The Septuagint

In 3515, Eretz Israel was under the sway of the Egyptian Ptolemaic kings. Ptolemy II Philadelphus, a great lover of books and wisdom, painstakingly acquired a vast library. Knowing of the great fame of the Torah, he ordered 72 sages to come to Alexandria. When they arrived, he isolated each one to prevent collaboration, and demanded that they translate the Torah into Greek. Divinely inspired, they all provided identical translations, especially for verses that if understood literally could easily be misconstrued. For example, the verse which literally reads "And they saw the G‑d of Israel" (Exodus 24:10) was translated "And they saw the glory of the G‑d of Israel," which is indeed figuratively accurate, for no human can see G‑d directly.

While the assimilated Jews of Alexandria rejoiced at the opportunity to display Jewish wisdom to the Greeks, the rabbis viewed this event as an unmitigated disaster for the Jewish people, for putting holy words in the hands of non-Jews who did not understand the Torah’s inner meanings turned the Jewish Bible into ordinary literature. Sadly, history has borne out the sages’ fears. Christians have distorted and falsified Scripture to comply with their own theology and justify their persecution of the Jewish people. Even now, missionaries seek to entrap Jews with spurious interpretations of the Bible.

The First Unresolved Halachic Dispute (Machlokes)

For more than 1,000 years, since the giving of Torah at Sinai, scholarship was on such a high level that no halachic question was left undecided. After an issue was debated, analyzed, and voted on, there was complete unanimity and clarity in the decision. However, in the days of Jose ben Joezer and Jose ben Jochanan, the initial Zugos, the first unresolved dispute arose. The case involved the permissibility of leaning one's hands (semicha) on a sacrificial animal on Yom Tov, a holiday.The question was whether the mitzvah of semicha should be performed despite the prohibition of exerting pressure on an animal on Yom Tov. Despite the fact that only one dispute arose among the countless facets of Jewish law, and even that one was a relatively minor rabbinic issue, the Talmud viewed this event as a disastrous drop in Torah scholarship.

The Spread of Greek Culture

The ancient Greeks were a brilliant people whose advances in mathematics, science, literature, philosophy, architecture, and government form the basis of much of Western civilization and thought today. The Olympic Games, for example, feature many of the sporting events of ancient Greece, while the Olympic Flame is lit at Mount Olympus, in Greece, signaling the beginning of competition. Alexander, a great proponent of Greek culture, spread it throughout his vast conquests, building Greek cities containing vast libraries, beautiful temples, and impressive gymnasiums.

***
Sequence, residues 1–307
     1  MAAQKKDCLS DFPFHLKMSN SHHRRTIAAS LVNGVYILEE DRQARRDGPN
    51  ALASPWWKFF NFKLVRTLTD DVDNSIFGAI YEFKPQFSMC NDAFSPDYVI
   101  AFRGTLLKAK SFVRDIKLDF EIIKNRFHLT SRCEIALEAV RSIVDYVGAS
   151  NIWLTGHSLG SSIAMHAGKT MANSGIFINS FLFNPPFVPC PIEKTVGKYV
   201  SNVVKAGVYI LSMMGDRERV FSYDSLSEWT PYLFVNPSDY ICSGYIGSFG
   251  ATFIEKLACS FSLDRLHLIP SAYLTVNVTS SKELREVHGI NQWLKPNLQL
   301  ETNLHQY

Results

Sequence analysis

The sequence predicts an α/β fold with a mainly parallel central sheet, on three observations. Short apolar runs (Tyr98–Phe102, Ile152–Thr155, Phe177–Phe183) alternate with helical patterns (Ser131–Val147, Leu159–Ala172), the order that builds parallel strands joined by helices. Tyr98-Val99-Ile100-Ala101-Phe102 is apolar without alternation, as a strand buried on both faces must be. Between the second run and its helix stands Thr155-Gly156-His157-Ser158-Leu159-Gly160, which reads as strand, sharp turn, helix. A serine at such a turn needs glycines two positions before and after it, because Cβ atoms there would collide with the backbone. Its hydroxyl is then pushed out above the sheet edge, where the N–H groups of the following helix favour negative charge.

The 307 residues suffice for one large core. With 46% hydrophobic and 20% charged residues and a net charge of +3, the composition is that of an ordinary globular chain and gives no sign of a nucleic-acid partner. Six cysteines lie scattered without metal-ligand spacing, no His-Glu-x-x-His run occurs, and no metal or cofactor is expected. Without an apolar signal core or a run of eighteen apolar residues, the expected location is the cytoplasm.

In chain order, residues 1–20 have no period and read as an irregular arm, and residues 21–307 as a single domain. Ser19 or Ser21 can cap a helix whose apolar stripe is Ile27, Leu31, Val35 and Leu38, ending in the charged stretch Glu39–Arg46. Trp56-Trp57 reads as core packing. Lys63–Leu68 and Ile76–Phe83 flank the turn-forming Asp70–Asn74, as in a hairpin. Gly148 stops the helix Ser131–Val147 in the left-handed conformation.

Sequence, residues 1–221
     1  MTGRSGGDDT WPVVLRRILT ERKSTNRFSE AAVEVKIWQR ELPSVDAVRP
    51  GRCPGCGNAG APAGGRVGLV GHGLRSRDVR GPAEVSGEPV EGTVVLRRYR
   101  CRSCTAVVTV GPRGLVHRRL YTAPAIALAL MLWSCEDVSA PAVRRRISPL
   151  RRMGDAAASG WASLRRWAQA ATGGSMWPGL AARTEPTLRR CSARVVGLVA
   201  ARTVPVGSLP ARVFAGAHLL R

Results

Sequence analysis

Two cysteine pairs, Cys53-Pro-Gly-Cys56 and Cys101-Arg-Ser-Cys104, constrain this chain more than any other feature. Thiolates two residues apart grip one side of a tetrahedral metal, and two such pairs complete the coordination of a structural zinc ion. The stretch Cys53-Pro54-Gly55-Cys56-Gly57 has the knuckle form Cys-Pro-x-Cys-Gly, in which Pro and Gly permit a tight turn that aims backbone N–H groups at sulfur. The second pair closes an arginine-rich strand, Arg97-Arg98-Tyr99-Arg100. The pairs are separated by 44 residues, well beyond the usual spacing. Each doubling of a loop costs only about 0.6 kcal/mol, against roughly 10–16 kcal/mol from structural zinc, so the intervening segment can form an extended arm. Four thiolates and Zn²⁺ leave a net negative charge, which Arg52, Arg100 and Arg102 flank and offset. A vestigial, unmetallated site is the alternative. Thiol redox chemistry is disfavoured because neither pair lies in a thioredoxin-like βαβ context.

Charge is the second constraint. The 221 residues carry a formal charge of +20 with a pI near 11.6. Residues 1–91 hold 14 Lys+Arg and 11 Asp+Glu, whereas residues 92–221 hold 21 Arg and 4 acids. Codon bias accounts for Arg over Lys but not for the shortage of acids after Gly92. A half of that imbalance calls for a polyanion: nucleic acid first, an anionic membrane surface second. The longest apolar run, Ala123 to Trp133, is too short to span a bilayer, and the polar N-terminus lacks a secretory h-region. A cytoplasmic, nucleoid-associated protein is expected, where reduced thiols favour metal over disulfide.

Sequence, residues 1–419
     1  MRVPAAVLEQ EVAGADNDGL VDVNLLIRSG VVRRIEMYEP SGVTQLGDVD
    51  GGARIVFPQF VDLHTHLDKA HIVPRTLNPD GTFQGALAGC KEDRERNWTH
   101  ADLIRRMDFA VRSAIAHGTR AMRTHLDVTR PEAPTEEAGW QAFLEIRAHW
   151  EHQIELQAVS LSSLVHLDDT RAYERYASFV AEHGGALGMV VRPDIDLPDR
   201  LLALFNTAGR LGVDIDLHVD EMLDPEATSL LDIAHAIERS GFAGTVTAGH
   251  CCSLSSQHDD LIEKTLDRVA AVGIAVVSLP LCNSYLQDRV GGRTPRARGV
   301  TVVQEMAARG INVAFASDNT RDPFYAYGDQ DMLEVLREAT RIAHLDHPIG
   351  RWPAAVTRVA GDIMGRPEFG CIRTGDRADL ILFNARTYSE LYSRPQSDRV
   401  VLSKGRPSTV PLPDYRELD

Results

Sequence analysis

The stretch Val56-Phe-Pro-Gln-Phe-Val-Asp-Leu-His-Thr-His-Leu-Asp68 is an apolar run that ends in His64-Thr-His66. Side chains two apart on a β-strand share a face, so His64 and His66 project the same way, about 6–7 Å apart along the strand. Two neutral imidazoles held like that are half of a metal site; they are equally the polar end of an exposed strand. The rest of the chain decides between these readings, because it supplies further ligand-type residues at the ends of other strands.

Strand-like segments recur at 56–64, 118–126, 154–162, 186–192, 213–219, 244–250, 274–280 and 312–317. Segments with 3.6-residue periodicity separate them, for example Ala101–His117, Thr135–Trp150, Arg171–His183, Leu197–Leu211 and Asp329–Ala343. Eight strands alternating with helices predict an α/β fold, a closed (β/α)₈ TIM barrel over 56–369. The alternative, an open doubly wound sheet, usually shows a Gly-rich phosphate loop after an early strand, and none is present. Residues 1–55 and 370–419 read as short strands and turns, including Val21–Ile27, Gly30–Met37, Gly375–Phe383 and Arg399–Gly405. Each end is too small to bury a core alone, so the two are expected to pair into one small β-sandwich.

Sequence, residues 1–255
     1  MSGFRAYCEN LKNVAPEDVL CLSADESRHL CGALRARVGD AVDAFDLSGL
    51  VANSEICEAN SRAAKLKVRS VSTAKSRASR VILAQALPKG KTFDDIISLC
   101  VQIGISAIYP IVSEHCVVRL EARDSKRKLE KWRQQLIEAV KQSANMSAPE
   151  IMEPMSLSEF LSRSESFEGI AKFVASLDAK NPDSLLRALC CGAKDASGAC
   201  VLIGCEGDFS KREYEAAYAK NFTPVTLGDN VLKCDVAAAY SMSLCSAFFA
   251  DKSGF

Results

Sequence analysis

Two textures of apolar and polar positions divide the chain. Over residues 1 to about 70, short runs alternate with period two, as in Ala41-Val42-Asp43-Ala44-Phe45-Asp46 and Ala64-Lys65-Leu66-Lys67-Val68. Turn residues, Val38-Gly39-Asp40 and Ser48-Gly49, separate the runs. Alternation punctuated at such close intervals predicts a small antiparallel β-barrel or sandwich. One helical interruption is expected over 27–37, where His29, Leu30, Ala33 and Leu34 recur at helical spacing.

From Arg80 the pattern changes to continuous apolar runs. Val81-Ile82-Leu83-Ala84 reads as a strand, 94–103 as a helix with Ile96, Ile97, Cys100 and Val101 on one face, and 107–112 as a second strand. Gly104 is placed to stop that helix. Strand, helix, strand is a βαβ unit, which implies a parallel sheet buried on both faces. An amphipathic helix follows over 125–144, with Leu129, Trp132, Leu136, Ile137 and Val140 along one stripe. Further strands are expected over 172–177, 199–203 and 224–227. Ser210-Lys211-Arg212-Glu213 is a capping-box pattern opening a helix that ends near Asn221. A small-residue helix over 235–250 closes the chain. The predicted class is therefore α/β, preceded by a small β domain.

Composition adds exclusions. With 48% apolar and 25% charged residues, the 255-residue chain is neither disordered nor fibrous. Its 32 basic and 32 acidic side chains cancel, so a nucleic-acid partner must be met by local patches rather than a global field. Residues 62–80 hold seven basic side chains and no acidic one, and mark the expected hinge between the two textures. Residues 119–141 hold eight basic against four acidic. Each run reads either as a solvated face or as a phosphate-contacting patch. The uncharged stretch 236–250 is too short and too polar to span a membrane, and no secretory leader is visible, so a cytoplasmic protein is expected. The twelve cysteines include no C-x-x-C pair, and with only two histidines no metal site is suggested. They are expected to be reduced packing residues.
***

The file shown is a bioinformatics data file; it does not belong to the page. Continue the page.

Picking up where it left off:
By and large, the conquered nations welcomed the Greeks' superior and very attractive culture, and had no problem incorporating the Greek gods into their pantheons of idols. The Jews, however, viewed Greek influence as a major threat. Jewish youth flocked to the entertainments, at which athletes competed naked. Some Jews even attempted to undo their circumcisions surgically, which the Greeks encouraged because they considered circumcision a blemish on the supposedly perfect human body. Even worse, after sporting events participants offered sacrifices to the Greek gods. Following such practices, a number of Jews adopted Greek names and mores, studied Greek literature and philosophy, and cast off Torah observance. These Jews became known as Misyavnim, or Hellenists, and looked with disdain at their religious, less modern brethren. Jews also moved to Greek centers, such as Alexandria, a major Hellenist city where Jews attained great affluence and rapidly assimilated. Alexandria was also the location of Chonyo's temple, where Jews offered sacrifices to G‑d, violating the law of sacrificing outside the Bais Hamikdash. This temple lasted several hundred years.

Seleucid Rule

In 3562, after 114 years, Eretz Israel passed from Ptolemaic rule to the control of the Seleucid (Syrian-Greek) kings. During this time, the Hellenists gained more power and influence. While relations between the Jews and the early Seleucid kings were generally amicable, there was one notable exception: Seleucus IV. Upon being told by Hellenists that the treasury of the Bais Hamikdash contained vast sums of money, he attempted to plunder the Holy Temple. One of his trusted officers, Heliodorus, entered the Bais Hamikdash, and despite the desperate entreaties of the Kohen Gadol, approached the treasury. Miraculously, a heavenly apparition of a rider appeared, striking Heliodorus to the ground. When Heliodorus recovered, he offered a sacrifice in reverence to G‑d, and upon returning to Seleucus convinced him to leave the Bais Hamikdash alone.